Five Facts to Consider Before Getting a Home Loan
Before consumers sign on the dotted line, it’s critical that they have a thorough understanding of the home loan and the terms to which they are agreeing. Pay particular attention to these five points prior to taking out a home loan:
1. The interest rate being offered and whether that rate stays the same or changes. Consumers need to know whether the loan being offered is a fixed-rate loan or an adjustable-rate loan. There are important differences. The interest on a fixed-rate loan does not change and the monthly payment stays the same for the life of the loan. With an adjustable-rate mortgage, the interest rate changes, or adjusts, from time to time. Some change each month, while others change less frequently. It’s important to understand what the interest rate is, how often it may change, and the interest rate cap on the loan. If the interest rate goes up, the monthly payment will generally go up, too.
2. The amount of the monthly mortgage payment and how that money will be allocated. It’s recommended that consumers find out how much the monthly payment will be and whether it includes Principal, Interest, Taxes and Insurance (PITI). A monthly mortgage payment most likely includes amounts that go toward all four of these. Payments of principal and interest go directly towards repaying the loan and accrued interest. The taxes and insurance typically go into an escrow account so a lender can pay these fees when they are due. If taxes and interest are not collected, put into an escrow account, and paid by the lender, then the borrower is responsible for paying these amounts.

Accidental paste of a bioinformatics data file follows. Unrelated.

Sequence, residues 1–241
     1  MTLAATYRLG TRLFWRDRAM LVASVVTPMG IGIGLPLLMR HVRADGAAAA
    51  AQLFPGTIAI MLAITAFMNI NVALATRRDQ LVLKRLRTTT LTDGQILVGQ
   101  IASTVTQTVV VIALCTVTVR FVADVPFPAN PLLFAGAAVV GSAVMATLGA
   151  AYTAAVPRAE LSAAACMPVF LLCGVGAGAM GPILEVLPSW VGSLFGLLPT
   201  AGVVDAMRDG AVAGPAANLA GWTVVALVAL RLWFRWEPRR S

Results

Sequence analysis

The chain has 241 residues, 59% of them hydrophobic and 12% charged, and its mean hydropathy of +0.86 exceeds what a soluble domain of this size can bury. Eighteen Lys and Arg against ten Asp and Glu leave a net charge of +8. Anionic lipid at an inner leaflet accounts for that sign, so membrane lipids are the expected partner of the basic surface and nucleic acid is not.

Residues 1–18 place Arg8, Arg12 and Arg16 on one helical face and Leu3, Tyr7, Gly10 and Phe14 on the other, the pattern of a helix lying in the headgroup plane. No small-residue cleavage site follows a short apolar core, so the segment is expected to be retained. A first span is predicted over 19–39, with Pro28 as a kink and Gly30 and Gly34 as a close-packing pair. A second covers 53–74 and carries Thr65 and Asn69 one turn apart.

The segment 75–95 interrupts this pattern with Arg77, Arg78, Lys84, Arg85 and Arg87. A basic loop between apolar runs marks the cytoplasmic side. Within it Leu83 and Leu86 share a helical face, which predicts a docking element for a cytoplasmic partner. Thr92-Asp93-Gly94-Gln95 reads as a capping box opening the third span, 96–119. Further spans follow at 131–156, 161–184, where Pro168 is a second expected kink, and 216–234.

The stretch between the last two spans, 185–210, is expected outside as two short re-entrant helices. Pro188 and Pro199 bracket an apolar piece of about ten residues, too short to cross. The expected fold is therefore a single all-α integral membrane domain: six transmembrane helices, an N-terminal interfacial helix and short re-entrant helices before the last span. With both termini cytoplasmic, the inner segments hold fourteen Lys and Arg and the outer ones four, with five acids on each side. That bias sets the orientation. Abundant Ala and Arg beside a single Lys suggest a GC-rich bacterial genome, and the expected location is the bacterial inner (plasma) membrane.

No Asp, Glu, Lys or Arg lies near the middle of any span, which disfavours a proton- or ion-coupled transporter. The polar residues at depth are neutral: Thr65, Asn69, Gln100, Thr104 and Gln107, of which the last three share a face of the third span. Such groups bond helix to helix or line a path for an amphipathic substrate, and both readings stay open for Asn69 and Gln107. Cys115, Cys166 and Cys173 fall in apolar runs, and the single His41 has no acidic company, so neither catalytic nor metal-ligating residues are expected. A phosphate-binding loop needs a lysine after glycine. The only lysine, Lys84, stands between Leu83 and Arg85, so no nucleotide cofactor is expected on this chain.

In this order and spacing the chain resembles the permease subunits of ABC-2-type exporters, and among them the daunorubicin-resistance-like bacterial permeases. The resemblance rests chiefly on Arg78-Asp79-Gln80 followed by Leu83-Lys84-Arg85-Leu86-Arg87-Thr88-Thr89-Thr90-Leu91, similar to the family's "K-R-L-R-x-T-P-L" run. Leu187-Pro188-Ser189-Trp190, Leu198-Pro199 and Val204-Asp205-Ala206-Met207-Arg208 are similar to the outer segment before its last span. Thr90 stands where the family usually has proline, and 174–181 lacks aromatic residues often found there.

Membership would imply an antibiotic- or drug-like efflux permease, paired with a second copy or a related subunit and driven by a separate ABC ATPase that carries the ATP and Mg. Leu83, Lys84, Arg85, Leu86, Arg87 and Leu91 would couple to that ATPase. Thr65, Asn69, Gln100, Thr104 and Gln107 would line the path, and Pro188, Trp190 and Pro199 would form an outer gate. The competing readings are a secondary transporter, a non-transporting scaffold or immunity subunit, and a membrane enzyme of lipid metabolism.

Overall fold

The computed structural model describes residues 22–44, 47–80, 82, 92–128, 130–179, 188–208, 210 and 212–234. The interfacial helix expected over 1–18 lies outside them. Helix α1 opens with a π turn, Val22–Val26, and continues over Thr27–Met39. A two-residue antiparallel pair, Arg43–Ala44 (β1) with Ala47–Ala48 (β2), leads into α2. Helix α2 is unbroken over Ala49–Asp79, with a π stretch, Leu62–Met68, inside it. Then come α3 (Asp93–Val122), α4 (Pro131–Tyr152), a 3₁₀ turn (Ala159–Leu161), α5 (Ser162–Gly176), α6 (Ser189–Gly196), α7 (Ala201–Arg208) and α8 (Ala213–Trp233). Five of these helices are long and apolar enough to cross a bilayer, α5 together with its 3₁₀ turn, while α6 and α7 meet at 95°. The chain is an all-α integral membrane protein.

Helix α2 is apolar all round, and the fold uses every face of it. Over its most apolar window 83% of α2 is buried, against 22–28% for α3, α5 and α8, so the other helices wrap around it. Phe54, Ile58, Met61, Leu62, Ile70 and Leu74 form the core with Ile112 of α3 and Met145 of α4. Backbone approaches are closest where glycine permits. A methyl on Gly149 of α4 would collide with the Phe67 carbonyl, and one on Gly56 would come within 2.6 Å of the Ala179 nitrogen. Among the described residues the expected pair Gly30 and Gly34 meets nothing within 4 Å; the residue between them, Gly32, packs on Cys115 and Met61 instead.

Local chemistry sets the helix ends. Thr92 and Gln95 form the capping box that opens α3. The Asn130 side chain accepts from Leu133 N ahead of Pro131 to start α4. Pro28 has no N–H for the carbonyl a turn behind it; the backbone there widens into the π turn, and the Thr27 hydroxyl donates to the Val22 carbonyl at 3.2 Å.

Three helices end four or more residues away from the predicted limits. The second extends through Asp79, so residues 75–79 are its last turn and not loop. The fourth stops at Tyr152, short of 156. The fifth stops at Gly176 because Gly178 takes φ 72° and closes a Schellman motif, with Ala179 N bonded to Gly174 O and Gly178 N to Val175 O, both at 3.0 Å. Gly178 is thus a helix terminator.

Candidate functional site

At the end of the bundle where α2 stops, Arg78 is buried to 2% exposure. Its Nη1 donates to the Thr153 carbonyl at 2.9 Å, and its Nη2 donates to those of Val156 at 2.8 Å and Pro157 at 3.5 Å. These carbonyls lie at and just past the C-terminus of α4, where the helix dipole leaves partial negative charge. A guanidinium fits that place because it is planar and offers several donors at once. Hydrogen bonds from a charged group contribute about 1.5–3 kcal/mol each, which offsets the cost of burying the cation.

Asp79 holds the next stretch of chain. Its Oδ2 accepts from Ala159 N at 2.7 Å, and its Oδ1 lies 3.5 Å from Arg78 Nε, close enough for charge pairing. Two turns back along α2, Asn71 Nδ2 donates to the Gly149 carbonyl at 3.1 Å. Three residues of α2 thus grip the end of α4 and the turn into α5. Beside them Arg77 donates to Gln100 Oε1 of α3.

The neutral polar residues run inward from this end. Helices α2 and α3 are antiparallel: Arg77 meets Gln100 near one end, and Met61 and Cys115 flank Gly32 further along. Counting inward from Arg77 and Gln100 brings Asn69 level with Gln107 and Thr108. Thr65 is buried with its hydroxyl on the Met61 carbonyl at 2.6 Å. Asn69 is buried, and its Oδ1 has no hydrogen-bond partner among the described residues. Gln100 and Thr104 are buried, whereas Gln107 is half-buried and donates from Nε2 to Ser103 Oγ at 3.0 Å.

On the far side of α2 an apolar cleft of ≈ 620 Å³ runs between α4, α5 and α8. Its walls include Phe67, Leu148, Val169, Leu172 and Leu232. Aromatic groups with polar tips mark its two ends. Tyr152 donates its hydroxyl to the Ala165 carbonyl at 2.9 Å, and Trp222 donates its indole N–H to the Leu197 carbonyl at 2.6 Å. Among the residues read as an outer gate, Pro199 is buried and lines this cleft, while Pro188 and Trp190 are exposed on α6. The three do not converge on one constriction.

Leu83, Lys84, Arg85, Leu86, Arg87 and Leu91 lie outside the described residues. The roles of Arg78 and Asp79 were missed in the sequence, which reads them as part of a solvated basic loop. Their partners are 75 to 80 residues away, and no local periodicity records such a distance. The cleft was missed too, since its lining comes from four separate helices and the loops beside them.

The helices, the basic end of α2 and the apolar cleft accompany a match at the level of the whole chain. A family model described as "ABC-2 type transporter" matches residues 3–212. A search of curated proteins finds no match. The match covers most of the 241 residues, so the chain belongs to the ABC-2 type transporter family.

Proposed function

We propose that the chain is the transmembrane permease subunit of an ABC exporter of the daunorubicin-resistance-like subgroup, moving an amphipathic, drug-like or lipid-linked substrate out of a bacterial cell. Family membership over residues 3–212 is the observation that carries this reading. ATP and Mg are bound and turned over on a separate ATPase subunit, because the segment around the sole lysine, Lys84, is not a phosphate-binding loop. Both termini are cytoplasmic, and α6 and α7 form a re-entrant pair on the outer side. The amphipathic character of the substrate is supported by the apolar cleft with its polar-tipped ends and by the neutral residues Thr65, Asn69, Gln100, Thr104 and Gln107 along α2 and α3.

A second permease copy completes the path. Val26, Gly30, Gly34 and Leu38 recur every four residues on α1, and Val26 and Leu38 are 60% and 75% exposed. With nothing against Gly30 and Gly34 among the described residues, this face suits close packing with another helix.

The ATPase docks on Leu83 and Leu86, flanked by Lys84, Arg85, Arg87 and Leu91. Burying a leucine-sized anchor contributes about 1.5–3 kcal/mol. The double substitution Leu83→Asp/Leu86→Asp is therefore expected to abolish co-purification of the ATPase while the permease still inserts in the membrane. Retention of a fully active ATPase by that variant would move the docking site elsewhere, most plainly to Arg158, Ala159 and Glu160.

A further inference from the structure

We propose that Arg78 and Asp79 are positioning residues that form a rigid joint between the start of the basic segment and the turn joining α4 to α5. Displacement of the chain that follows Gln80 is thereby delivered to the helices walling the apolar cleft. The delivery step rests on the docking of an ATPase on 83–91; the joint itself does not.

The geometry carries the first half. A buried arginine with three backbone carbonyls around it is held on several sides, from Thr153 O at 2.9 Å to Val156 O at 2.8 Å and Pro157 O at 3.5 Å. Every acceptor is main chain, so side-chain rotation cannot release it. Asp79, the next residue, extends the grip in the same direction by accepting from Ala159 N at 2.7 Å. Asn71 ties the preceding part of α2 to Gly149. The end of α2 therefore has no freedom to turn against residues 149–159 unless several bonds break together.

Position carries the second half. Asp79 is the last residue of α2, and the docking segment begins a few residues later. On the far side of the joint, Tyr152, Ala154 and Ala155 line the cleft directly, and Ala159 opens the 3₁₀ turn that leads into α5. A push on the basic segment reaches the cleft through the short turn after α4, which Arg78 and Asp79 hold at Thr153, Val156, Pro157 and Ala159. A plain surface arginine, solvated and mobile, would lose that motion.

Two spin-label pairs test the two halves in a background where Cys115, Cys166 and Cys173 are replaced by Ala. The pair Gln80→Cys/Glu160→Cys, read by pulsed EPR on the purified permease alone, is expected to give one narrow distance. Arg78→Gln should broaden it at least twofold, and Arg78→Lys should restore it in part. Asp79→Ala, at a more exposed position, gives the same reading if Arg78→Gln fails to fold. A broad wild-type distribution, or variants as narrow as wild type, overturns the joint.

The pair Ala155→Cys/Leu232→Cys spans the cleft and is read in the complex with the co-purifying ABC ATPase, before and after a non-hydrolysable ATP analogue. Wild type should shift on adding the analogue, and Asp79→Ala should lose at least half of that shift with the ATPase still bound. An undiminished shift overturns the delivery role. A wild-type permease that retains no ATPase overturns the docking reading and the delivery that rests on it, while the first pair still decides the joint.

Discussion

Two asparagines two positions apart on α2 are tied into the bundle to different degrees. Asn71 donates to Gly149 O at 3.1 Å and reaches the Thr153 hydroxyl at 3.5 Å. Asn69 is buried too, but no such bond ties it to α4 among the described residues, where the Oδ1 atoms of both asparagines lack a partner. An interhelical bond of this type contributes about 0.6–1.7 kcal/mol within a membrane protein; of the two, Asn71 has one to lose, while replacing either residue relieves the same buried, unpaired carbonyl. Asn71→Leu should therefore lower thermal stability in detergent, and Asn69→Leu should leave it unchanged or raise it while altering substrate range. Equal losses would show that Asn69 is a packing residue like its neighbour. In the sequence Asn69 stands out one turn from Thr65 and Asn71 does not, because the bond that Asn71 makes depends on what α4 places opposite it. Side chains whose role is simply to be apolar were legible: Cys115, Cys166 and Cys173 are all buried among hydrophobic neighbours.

3. The amount of fees and other closing costs that must be paid in cash when the loan transaction is complete. When applying for a loan, borrowers should receive a Good Faith Estimate (GFE). This is a document that shows an estimate of all costs a borrower needs to pay in cash when the loan closes. Lenders are required to provide this document within three days of the time a borrower applies for a loan. They should not proceed without a GFE and should ask about any of the listed costs that they do not understand.
4. If the loan has a prepayment penalty, early loan payoff will mean the borrower must pay the penalty amount. Loans with prepayment penalties usually have lower interest rates than an identical loan without a penalty. Those who plan to stay in their home for a short-period of time should understand any prepayment penalties that may be associated with their loan. If borrowers need to pay off the loan before the penalty period expires, they will be responsible for paying the entire penalty.
5. If the loan has a balloon payment, the borrower could face difficulties making the final payment. A balloon mortgage is a home loan that usually offers low rates for several years at the beginning of the loan. Commonly, at the end of five-to-10 years, the entire balance of the loan is due. At that point, the borrower must either pay the loan or refinance. Again, it’s important to understand all of the loan terms.
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